You know what an idea looks like in your head, right? It's vivid and it calls for your attention. If you don't give it your attention it fades, and sometimes I've found it can move onto somebody else who is more than willing to invest time and energy into it.

I can't remember the amount of times I've said, 'I had that idea,' but simply didn't act on it.

So the idea for my book came as an image in my mind's eye, and it looked like this: the book was opened on the first page and in it were the words, "Dear reader, once you've read this book, please pass it on to somebody you think will benefit from its message. With love, Gavin." And at the bottom was the date and the words, 'Book 1'.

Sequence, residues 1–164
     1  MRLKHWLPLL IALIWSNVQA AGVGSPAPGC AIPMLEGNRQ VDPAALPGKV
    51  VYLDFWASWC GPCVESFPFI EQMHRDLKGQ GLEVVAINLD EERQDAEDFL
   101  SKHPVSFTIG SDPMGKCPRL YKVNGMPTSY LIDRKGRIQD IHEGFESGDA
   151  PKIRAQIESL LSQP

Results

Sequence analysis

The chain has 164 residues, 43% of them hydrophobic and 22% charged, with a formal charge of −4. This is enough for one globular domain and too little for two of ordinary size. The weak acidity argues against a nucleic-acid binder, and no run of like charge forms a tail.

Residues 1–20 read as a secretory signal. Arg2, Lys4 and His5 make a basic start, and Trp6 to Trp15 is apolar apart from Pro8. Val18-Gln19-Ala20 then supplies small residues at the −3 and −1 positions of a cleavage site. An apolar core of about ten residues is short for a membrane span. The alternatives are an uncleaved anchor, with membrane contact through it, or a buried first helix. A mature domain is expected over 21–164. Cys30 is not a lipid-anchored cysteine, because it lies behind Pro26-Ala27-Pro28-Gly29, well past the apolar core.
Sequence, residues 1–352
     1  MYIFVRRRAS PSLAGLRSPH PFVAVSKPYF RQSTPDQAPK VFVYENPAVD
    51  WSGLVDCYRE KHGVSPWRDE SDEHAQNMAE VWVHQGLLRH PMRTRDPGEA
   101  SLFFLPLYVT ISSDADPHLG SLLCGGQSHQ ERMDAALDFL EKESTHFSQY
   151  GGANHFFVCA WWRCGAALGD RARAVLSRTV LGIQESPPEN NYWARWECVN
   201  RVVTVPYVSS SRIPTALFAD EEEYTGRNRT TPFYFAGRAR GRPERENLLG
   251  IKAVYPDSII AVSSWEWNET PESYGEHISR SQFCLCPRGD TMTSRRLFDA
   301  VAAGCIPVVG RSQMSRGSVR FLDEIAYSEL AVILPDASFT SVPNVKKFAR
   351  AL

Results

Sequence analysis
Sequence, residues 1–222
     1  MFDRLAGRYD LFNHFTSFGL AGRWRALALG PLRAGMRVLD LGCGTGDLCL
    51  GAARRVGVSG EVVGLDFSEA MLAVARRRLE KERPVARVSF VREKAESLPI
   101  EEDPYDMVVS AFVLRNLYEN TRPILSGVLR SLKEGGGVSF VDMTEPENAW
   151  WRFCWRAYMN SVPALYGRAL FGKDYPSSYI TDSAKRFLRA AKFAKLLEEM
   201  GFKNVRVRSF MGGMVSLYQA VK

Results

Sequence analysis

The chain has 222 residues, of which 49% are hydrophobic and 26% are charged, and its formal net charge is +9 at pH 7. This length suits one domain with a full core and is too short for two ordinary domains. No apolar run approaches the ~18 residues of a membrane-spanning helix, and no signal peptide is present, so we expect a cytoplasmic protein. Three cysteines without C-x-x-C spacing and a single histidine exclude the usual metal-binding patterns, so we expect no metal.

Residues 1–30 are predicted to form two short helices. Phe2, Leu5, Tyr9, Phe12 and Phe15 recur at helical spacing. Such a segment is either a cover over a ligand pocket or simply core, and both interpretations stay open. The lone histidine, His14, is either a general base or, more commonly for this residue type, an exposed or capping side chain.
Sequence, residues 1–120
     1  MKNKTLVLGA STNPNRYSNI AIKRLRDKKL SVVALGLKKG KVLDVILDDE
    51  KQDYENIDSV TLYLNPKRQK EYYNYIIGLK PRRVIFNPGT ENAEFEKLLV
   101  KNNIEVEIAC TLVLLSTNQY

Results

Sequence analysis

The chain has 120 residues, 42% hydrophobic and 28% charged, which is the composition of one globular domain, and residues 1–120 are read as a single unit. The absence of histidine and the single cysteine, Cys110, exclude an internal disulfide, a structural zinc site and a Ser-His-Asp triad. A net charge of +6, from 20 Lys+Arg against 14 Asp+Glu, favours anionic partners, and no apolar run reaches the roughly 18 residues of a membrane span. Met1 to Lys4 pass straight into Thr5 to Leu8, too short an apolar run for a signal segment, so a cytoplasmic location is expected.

I got kind of excited by this so I acted on it without delay (excitement is usually a clear sign that an idea deserves some attention). I got the only copy of my book I had, opened it up to the first page and wrote the words I saw in my mind's eye.

I then took it with me when I went to see my friend and gave it to her as a gift. I asked her if she would be interested in starting off an idea for me, 'to give my book wings,' I said. She was thrilled by the idea and said she would be happy to pass it on once she'd read it.

So - - - - in a short period of time there's going to be ten copies of my book floating around. I'm going to pass them onto friends to pass them onto their friends, who will pass them onto their friends.

I think it's a beautiful and rather organic way to spread the comforting message of the book - a message I believe in.